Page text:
Mexican Caribbean

Up until 1970, Cancún was an almost deserted island with a swampy coast. Cancún has a seven shape. It is 8.8 km and 400 meters in its widest part, with a Lagunes' system that links it to the mainland. Cancún has two Maya shrines: Kin - Há and San Miguel.

In 1974 Infratur, the Mexican government agency for tourism (Fonatur), started the plan for Cancún's development.

North the Island was linked to the mainland by a bridge, Playa Linda, and south, by another, Punta Nizuc.

 A road communicating Puerto Juárez with Cancún was opened, and an air track was lain on what today is Avenue Kabah.

A touristic zone was projected, The Hotel Zone, on the Island. Filled with not only hotels but also restaurants, nightclubs, marinas, shopping malls, and golf courses.

A town on the mainland, north of the Island, was also planned as a support town, with permanent housing and all the services needed by its inhabitants. Holding the same name, Cancún.

An international airport was planned, one capable of giving service to the largest airplanes. It was built south of the Island, on the mainland, next to the highway Cancún - Tulum that was being made. To and from this airport we can travel worldwide.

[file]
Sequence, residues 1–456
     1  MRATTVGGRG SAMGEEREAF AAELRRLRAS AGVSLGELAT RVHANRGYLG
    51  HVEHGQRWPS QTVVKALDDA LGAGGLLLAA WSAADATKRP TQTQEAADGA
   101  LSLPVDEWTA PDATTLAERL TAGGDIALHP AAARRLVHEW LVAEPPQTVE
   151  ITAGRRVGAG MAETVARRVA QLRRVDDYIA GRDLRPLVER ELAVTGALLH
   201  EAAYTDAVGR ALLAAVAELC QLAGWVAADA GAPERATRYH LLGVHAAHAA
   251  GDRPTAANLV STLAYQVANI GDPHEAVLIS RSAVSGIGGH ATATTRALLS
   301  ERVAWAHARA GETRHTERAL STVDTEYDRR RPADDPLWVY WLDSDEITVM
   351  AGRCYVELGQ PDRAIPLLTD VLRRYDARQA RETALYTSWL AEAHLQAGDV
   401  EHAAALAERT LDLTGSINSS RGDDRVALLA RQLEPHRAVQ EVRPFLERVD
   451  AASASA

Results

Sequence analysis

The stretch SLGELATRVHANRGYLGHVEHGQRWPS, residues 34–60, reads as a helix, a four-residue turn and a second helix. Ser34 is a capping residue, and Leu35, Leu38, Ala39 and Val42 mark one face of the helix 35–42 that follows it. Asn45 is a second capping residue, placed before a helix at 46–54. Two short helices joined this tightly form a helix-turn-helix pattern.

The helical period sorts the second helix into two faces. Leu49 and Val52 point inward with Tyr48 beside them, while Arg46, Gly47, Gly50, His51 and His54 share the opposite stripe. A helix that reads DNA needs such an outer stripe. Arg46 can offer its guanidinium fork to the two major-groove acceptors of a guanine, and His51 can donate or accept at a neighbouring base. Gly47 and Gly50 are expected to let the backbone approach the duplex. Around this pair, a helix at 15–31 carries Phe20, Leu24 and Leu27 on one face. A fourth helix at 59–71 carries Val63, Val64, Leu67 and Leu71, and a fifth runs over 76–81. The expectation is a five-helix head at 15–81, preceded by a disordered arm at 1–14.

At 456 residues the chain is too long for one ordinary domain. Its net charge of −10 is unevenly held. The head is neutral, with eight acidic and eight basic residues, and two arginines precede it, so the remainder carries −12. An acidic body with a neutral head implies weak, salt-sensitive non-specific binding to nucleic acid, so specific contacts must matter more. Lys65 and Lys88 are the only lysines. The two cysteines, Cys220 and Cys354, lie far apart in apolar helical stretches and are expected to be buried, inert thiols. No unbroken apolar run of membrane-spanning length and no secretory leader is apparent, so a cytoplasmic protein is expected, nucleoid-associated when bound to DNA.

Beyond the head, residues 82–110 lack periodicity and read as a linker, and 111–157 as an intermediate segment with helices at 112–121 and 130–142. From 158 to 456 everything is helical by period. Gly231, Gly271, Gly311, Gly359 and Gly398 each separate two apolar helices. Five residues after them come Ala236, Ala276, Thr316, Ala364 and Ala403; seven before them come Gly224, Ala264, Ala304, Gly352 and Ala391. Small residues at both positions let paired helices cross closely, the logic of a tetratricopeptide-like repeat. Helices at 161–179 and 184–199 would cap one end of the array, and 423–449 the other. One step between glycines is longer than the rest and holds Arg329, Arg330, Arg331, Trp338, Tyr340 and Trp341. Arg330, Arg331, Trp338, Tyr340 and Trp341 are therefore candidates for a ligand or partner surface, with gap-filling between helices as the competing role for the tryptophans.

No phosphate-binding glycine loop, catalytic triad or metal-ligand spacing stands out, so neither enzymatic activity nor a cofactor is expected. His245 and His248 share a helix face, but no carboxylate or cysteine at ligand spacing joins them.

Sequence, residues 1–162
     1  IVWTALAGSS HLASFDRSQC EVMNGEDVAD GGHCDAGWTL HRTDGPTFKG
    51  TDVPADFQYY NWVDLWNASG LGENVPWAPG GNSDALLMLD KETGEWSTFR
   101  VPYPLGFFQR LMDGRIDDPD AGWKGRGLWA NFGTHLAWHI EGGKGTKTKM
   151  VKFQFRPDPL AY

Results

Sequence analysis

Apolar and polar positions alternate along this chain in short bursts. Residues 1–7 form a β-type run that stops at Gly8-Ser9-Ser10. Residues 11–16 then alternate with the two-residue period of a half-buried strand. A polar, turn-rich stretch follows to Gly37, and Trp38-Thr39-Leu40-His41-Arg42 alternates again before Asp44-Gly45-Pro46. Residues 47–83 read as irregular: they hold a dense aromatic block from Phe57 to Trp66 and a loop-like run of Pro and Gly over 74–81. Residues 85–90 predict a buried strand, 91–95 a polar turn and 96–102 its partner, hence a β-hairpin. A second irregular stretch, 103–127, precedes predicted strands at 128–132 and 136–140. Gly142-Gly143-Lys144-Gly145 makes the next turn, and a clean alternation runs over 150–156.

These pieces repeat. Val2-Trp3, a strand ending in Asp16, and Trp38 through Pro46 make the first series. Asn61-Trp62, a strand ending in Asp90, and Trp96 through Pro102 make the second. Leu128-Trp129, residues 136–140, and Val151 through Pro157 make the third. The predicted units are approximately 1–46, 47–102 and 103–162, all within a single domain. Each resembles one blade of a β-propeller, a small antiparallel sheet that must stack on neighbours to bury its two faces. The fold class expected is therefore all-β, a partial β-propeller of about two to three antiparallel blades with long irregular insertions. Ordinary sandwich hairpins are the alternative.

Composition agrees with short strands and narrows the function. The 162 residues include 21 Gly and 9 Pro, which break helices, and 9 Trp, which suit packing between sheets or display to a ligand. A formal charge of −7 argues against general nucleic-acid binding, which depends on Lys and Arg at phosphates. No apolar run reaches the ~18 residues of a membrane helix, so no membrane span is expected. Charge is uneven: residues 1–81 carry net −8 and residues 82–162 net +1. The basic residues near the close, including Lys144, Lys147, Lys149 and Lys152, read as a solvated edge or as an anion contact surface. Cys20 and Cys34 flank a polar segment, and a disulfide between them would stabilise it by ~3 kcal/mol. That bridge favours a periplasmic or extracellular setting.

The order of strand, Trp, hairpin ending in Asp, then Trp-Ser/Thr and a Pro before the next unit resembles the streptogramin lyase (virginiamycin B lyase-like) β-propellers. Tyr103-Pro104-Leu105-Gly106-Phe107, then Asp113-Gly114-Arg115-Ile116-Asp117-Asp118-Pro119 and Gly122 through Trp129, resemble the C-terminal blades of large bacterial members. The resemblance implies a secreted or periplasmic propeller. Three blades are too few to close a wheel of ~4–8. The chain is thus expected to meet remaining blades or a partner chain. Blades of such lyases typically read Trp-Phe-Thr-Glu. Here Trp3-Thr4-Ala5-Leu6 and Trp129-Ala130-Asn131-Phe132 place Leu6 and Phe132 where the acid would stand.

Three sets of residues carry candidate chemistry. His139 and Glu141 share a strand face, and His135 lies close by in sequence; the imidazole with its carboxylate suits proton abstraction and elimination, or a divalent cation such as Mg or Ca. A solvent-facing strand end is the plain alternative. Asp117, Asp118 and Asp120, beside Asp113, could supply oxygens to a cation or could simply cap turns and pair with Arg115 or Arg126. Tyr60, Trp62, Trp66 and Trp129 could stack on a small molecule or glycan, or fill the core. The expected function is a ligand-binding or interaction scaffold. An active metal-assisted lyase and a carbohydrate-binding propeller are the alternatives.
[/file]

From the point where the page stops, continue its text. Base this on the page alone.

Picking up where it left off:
Ground transport services take us everywhere in Quintana Roo and the neighboring States.

Recently the low impact sports hotel complex, Puerto Cancún, was built.

Cancún has a 14 miles long strip of beach running along the Boulevard Kukulkan. All kinds of water sports are offered at the beach and the Lagunes.

Over many years, perhaps millennia, the blue crabs have crossed the Island since the females need to go from their dens in the Lagunes to the sea to lay their eggs. They do it now, protected by Cancún's people. During the full moon nights in September and October, the Boulevard Kukulkan is closed to the traffic.

Not long ago, volunteer brigades protected the blue crabs' crossing. Nowadays, specialized brigades do the job. But the "cancunenses" still watch, behind de barriers, as their most ancient city fellows cross safely to the sea and back.